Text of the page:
This book has been over eleven years in the making. To thank everyone involved would take another novel. On top of which, two of those original authors who gave their blessing have since passed away.

I am honored to finally share their blurbs with you…

To read the rest, please visit her blog, and you can buy “Haven, Kansas” here:

Paperback, Hardcover, Kindle, Nook, Kobo US

or get a copy signed by the author here.

You can follow Alethea online at all of the places!

aletheakontis.com  |  Patreon  |  Twitter  |  Facebook

Instagram  | YouTube  |  Royal Proclamations

Book Review: Children Of The Program

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Landscapes of torment and suffering flood the imagination.  A blinding white release for a few fortunate souls.  A new life carried upon the wings of birds after lifetimes of death.  Indigo eyes look towards the future.  Author Brad W. Cox has a way with words.  I’ve known this for years, being transported to otherworldly dimensions through his colorful lyrics and their musical accompaniment from bands like Skitzo Calypso and We Love The Underground.  But in Cox’s debut written work “Children Of The Program,” he has embarked upon his most ambitious undertaking to date.  Colorful and filled with mystique, it has all the makings of a page-turner.

The back cover states: “A murderous cult threatens the enlightenment of tomorrow, as 12 strangers, plucked from various parts of the world, are awakened and brought together by a divine calling.”  An enticing tagline, to be sure.  I recently finished this book and I was honestly impressed.  Balancing such a cast of characters as Cox has done here, and giving each of them enough personality to make them feel real, is no easy task.  Admittedly, certain characters carry more weight than others, which helps keep the story moving at a steady pace.  Most noticeably is Neco, who is the only member of the 12 who is portrayed in first person narration, providing an easier avenue for emotional connection.  In his most dire of moments, I found myself extremely curious as to what his future held.  I carried that same interest for the antagonist of the work, who is equal measures enigma and allure.  While I found the person’s motive strange, it stands as a testament that different people are driven by different forces.  We are dynamic animals, which Cox has tried to portray in vivid strokes.

What is it about this book that makes it worth reading?  While the characters are pleasant, the main focus is the story.  Though there is a slight lull after the introduction, as each player in this game has to be fleshed out, it builds up into a web of intrigue.  Twelve strangers, drawn together by a supernatural force, embark upon a unified mission that is quickly staggered by malcontent.  It features love, conspiracy, and more than one murder most foul.  This novel takes the idea of “the children are our future” to a new extreme.  Join Neco and his 11 cohorts as they embark upon one hell of a ride, from the Painted Desert to the corners of the Earth, in order to save the world.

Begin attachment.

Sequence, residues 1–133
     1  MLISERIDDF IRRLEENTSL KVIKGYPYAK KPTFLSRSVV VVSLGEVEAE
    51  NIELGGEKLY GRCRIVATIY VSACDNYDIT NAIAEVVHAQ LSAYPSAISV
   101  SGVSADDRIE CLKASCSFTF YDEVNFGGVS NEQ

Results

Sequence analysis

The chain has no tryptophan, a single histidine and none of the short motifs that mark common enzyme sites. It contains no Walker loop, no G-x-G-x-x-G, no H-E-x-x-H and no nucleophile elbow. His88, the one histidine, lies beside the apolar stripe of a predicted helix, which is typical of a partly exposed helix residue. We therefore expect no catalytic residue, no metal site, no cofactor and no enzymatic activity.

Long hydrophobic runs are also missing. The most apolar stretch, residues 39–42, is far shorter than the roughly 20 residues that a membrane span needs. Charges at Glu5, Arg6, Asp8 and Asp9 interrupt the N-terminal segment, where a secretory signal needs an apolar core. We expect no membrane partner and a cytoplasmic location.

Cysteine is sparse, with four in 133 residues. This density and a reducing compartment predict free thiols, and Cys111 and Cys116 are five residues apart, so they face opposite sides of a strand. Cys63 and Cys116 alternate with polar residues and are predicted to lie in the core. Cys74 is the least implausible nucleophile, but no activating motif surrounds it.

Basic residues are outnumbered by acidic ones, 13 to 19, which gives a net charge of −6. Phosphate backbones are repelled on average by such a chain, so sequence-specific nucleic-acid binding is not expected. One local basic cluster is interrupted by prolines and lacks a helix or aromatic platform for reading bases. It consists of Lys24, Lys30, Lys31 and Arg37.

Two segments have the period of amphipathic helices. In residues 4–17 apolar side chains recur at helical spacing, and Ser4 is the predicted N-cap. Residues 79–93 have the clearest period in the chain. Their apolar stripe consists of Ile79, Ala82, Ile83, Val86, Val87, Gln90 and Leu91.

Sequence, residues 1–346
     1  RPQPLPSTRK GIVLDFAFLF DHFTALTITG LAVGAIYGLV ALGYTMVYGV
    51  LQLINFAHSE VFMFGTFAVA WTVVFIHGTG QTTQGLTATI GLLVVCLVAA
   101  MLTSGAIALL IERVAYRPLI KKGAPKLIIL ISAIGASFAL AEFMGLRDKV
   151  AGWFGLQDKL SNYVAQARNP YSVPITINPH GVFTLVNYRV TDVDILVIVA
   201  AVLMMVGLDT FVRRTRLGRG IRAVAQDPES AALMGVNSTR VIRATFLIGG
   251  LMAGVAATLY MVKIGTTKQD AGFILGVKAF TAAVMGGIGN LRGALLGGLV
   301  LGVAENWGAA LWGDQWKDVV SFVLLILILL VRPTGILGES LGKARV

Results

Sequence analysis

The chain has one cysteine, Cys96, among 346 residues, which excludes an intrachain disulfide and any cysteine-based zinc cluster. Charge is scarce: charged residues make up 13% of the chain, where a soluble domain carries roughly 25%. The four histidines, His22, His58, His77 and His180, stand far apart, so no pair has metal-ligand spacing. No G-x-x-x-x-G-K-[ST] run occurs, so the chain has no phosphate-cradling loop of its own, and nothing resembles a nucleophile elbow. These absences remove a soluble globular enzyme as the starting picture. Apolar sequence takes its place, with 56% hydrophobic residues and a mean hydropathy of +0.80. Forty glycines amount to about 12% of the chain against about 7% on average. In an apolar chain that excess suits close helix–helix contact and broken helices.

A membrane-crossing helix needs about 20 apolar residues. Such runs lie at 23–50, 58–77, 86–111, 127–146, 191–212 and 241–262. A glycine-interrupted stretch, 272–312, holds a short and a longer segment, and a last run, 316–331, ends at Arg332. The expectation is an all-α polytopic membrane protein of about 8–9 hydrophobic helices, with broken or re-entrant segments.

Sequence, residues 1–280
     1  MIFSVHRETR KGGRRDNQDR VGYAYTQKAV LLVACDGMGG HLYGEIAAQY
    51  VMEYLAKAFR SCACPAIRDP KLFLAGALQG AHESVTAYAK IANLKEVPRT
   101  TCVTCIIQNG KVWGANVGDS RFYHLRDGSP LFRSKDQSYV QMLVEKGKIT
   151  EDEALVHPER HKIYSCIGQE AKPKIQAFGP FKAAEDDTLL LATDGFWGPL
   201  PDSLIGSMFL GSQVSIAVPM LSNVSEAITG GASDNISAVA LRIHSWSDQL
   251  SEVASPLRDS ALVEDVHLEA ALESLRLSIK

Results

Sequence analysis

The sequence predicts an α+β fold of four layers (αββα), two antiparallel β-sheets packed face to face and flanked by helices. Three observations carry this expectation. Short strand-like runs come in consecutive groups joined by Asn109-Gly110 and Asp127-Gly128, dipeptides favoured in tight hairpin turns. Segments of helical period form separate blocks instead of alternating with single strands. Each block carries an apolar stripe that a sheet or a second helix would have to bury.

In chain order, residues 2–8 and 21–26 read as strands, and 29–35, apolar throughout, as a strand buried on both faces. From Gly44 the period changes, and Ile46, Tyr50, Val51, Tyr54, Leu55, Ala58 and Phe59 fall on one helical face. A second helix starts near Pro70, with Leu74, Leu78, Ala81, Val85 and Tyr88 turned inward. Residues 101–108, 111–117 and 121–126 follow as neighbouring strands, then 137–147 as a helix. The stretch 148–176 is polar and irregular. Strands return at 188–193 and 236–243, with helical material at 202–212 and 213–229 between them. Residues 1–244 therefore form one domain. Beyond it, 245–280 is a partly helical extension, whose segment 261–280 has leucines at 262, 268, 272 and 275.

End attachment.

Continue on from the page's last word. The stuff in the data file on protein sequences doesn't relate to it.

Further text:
P.S. – We Love The Underground, the band fronted by Cox, is set to release a companion soundtrack that will share the same name as the novel.  That album will be ready in time for the release party on 1.23.16.  If you are in the Baltimore, MD area, be sure to join them!

Buy “Children Of The Program” at: Amazon | Barnes & Noble

You might be interested in our previous interview with Brad Cox.

For more on Children Of The Program, visit:
Official Website
Goodreads
Facebook – Children Of The Program
Facebook – Brad W. Cox
Facebook – We Love The Underground
Facebook – Skitzo Calypso

“Shrieks and Shivers From The Horror Zine” is out now

Post Mortem Press and The Horror Zine have teamed up to release the new horror anthology “Shrieks and Shivers From The Horror Zine.”

Filled with original stories from “masters of the macabre,” including William F. Nolan (Logan’s Run), John Russo (Night of the Living Dead) and Joe McKinney (“Flesh Eaters”), “Shrieks and Shivers…” is available now in paperback, Kindle and Nook formats.

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The complete table of contents:

  • FOREWORD by Bentley Little
  • A WORD ABOUT ZOMBIES: Slow Zombies, Fast Zombies and Zombies that Play Trombones by John Russo
  • TAPEWORM by Martin Rose
  • OLD HAUNTS by Nathan Robinson
  • “I’LL BE WATCHING” by William F. Nolan
  • NAILS IN YOUR COFFIN by Rachel Coles
  • PETE’S BIG BREAK by Joe McKinney
  • THEM by James Marlow
  • STASH HOUSE by Shaun Meeks
  • THE SAMPLE by Ray Garton
  • HARD RAIN by Bruce Memblatt
  • SQUATTERS by Elizabeth Massie
  • I STILL LIVE by Wayne C. Rogers
  • CENTER STAGE SIDESHOW by Christian A. Larsen
  • STALKER by Tim Jeffreys
  • FOR SHE IS FEARFULLY AND WONDERFULLY MADE by Tim Waggoner
  • RAMPART by Amy Grech
  • SOMNIPHOBIA by P.D. Cacek
  • FUNERAL MEATS by Kristen Houghton
  • TRANSPOSITION by Jason V. Brock
  • THE LAST BOTTLE by Dean H. Wild
  • THE WOODS by Nicholas Paschall
  • THE HOTEL SAN DIGOT by Joseph Rubas
  • DADDY’S GIRL by Lisa Morton
  • BLURRED by Matthew Nichols
  • THE HOUSE by Jonathan Chapman
  • THE NEST by Cory Cone
  • REFLECTOR EYES by Garrett Rowlan
  • WHAT HAPPENED IN VEGAS… by Rena Mason
  • PRIVATE FRANKS by Gary Robbe
  • ONE LAST TWEET by Eric J. Guignard
  • BECAUSE WHAT IS MINE IS MINE by Tom Piccirilli
  • CHICKEN by Geoff Nelder